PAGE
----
Age fraud in Indian sports: High-time to curb the menace
Age fraud in sports has become a concerning matter over time with increasing number of incidents over the past few years. Speaking on the matter during an interview, eminent cricketer Rahul Dravid had said that age fraud is an erosion of culture, adding that it is as bad as fixing a match. He asserted that age fraud leads to a scenario where talented players don’t get to play when they actually should be playing.
One of the most popular cases of age fudging came to light when Indian batsman Manjot Kalra was awarded Man of the March in 2018 Under-19 cricket World Cup final. However, later it was found out that his actual birth date was January 15, 1998, and not 1999 which indicated that he was ineligible to be a of the under-19 team. A case was filed against him and few others related to the matter by the Delhi Police in June 2019 and he was banned for a year by the DDCA from all Ranji Games.
During the 2018 Khelo India Youth Games, there were several complaints about age fraud with players having manipulated their real ages on their identification certificates. In 2013, six states namely Bihar, Haryana, Delhi, UP, Rajasthan, and MP were banned by the Athletics Federation of India from participating in various sports events for fielding ‘overaged’ athletes.
These are a few examples of many such incidents where a national sports federation has banned players and athletes from taking part in the event over age fraud. Reportedly, manipulation of date of births by the players has been rampant in all forms of sports with the support of parents, coaches, and other authorities. Governing authorities have also been ineffective in dealing with the rising cases of such frauds. Sports bodies like the BCCI, AIFF, and the Sports Authority of India have been investing billions in subjecting thousands of young players to wrist X rays for age determination tests. However, it has did not provide a fool-proof method for certifying age as stated by the International Olympic Committee. Despite several legislations and rules, such cases have surged and only added to the woes of the authorities.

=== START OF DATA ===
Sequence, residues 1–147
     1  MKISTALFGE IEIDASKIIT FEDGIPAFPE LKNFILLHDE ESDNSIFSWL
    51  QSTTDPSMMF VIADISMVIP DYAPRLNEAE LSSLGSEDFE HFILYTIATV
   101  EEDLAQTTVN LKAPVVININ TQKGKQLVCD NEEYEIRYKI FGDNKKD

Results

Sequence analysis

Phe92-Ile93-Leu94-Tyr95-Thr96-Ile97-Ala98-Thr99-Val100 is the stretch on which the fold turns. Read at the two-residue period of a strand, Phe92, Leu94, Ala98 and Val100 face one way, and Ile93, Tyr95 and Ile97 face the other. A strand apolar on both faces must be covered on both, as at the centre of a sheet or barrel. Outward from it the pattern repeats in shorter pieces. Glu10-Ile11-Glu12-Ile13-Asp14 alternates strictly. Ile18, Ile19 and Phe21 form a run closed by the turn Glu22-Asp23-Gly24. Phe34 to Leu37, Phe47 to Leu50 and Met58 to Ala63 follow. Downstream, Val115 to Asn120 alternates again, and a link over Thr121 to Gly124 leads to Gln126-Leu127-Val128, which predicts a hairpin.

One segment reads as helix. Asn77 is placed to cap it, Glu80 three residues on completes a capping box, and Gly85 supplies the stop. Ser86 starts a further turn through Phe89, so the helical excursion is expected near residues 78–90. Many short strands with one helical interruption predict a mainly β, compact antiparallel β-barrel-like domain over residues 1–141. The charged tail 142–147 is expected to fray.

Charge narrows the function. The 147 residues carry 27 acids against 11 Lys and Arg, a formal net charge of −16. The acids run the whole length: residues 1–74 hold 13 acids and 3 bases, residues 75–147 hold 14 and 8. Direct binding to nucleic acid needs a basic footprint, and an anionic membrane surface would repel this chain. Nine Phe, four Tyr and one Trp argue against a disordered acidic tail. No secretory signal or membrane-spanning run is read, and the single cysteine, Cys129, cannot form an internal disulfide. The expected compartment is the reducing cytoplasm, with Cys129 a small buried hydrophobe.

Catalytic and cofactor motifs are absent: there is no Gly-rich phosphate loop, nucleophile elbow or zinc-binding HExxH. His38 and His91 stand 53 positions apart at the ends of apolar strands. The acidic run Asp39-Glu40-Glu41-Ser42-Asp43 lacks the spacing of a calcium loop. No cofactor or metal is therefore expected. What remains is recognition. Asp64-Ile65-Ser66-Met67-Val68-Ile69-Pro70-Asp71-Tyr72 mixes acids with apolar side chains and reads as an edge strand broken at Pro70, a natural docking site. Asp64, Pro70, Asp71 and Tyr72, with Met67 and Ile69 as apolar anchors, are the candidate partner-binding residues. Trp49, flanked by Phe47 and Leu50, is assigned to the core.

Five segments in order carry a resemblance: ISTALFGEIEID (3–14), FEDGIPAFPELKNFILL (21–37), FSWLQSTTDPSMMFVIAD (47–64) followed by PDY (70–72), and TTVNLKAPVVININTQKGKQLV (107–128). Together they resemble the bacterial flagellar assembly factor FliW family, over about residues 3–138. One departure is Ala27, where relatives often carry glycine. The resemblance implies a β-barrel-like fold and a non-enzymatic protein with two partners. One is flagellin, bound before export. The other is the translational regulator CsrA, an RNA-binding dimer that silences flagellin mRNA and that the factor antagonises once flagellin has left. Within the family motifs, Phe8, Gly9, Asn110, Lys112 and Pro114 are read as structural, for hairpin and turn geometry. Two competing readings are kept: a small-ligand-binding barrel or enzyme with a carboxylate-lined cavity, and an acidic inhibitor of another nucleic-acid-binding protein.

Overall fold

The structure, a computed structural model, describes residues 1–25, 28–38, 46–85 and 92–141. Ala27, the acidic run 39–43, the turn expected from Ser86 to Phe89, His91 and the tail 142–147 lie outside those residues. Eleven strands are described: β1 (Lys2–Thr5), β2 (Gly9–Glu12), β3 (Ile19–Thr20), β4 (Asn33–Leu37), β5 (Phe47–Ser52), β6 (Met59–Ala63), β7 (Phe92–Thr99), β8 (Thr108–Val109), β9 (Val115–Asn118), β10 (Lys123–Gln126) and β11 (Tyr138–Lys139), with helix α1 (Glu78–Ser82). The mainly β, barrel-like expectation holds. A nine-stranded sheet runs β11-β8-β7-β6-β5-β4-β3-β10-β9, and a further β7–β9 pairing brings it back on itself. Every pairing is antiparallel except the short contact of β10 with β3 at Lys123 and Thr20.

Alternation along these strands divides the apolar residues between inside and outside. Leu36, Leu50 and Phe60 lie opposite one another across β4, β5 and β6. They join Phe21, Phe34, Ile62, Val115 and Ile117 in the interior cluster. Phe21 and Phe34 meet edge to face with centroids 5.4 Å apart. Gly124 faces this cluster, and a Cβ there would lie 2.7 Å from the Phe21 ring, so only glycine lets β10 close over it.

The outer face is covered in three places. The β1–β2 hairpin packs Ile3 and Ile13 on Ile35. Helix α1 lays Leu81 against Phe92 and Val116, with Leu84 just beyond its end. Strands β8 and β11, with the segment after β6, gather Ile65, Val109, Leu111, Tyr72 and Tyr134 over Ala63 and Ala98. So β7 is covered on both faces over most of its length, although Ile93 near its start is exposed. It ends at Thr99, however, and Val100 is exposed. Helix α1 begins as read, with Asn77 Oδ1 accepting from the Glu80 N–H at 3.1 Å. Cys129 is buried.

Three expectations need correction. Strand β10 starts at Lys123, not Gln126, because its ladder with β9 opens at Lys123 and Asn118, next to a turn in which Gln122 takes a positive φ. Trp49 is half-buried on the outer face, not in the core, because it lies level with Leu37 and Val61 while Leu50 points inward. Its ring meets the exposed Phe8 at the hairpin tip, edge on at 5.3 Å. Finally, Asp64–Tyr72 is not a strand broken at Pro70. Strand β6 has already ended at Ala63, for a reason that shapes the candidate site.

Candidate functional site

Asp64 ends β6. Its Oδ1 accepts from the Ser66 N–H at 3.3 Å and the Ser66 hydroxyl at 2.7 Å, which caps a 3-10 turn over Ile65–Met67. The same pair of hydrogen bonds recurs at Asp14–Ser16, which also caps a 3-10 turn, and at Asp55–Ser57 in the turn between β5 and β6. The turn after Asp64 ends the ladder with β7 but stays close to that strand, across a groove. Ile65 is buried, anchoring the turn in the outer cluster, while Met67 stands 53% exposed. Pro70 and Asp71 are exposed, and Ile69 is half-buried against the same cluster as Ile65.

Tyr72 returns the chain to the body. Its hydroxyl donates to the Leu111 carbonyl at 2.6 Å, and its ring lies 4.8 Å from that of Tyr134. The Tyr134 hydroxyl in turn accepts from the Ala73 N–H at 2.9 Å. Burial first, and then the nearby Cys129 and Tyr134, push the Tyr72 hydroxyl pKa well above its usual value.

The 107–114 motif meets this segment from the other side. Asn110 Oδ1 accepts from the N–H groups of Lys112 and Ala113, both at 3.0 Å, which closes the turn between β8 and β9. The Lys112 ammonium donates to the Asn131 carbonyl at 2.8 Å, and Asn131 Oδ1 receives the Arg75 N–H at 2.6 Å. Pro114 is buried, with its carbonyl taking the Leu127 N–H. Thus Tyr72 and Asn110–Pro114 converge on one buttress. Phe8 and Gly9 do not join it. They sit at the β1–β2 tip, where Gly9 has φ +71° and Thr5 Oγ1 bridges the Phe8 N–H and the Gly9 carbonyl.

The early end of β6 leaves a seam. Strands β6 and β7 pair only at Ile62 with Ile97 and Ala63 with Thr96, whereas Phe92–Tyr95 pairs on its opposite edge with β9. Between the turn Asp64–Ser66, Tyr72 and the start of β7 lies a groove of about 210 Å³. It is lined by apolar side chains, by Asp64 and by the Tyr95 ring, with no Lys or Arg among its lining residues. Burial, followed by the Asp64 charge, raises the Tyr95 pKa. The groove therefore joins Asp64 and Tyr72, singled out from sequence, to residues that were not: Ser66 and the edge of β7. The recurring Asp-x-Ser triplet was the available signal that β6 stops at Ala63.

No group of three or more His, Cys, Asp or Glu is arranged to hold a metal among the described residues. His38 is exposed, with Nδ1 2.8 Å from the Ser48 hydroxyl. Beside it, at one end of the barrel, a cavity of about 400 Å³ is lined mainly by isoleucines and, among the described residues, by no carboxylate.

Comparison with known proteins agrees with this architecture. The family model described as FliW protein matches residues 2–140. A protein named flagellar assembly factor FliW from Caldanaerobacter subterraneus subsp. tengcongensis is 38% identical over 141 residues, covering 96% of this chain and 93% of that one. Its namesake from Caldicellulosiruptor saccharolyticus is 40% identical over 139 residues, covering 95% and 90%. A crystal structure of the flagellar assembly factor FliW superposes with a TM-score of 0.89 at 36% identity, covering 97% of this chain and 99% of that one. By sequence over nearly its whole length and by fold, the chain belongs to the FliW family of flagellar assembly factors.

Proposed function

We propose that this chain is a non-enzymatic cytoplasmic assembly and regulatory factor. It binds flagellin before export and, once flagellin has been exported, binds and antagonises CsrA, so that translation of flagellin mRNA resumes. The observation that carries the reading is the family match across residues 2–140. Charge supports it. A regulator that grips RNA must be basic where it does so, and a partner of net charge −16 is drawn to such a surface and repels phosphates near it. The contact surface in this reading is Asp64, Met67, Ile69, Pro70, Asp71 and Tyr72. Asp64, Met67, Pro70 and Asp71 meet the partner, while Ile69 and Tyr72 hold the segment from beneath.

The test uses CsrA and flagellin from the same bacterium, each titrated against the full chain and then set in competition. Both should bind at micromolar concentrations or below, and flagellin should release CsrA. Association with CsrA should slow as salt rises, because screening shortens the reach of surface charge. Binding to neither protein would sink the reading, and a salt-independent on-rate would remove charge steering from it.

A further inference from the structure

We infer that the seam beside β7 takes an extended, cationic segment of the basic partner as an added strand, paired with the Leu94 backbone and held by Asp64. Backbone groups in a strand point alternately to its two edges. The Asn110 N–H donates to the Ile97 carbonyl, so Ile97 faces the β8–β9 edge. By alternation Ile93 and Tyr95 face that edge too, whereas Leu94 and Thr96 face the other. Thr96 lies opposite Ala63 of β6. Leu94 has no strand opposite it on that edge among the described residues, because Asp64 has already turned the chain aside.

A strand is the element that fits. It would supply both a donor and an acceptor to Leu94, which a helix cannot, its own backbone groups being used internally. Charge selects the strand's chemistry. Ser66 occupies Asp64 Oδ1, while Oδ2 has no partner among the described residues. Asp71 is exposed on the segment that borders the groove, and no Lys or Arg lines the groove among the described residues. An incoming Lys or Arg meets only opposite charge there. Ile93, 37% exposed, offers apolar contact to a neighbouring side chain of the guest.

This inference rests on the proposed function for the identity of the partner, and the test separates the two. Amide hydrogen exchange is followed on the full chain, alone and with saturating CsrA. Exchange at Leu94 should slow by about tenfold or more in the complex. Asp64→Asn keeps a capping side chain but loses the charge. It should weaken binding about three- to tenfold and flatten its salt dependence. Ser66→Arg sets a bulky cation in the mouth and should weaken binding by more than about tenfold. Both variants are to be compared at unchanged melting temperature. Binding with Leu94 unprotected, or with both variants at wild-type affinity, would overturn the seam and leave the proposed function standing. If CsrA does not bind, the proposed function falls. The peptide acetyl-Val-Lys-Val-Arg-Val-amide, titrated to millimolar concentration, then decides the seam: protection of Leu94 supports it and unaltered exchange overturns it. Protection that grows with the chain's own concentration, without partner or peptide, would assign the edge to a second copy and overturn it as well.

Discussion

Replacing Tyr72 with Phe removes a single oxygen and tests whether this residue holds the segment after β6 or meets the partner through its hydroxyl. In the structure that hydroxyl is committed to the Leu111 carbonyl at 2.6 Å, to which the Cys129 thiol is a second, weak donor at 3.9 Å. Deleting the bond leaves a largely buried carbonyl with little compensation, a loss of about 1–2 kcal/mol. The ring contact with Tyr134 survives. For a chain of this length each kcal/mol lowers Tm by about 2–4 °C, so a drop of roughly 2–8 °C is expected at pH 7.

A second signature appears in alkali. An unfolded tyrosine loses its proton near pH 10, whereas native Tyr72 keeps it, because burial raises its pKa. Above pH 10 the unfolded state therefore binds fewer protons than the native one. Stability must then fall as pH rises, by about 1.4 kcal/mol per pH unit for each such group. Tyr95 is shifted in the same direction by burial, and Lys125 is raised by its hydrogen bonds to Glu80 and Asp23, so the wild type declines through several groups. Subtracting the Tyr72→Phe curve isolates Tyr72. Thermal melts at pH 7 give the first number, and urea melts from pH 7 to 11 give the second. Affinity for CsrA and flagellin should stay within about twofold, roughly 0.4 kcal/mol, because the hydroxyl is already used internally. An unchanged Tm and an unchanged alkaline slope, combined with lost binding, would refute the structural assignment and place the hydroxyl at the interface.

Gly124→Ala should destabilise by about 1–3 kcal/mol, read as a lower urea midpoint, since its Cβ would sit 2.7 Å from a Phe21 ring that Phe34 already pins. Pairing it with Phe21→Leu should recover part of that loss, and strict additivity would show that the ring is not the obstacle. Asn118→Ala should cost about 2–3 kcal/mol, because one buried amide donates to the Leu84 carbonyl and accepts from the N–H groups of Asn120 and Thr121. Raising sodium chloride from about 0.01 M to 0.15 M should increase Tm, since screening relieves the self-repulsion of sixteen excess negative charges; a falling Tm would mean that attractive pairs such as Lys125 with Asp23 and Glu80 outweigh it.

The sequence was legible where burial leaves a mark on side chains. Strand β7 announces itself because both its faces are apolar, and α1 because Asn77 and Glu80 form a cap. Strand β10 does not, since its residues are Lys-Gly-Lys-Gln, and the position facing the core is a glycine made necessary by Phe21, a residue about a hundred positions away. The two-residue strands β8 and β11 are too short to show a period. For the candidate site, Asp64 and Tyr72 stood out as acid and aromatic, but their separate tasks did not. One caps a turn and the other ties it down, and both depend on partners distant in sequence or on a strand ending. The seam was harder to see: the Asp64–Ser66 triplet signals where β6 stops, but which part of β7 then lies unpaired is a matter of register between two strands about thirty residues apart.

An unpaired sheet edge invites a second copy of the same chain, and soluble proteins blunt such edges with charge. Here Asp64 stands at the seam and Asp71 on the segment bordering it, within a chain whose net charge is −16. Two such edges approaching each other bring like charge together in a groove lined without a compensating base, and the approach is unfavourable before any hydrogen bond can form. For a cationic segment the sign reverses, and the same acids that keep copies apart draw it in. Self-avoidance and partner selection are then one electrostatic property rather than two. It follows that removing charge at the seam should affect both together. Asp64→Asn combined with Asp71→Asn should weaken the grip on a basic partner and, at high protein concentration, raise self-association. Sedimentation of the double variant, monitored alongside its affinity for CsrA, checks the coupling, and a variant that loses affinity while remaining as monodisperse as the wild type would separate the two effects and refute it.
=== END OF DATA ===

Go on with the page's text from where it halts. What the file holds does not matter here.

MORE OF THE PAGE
In 2009, the Sports Ministry had issued detailed guidelines to all sports federations, allowing the bodies to treat age frauds on the same lines as anti-doping measures. In 2010, a National Code Against Age Fraud in Sports was introduced by the Ministry of Youth Affairs and Sports in an attempt tackle such offences and ensure fair play. Sports federations coming under the mandate of this code are: Sports Authority of India (SAI), recognised national sports federations, sports control boards managed by state governments and Union Territories. The code recognises that an age fraud in sports not only violates these core values but also put genuine athletes in a disadvantageous position. However, it is of crucial importance that the administration chalk out a stringent code of conduct to regulate such cases from the grassroot level.
Furthermore, not just in Indian sports, internationally as well, several cases have come to light where players were caught deceiving the sports event organisers and authorities.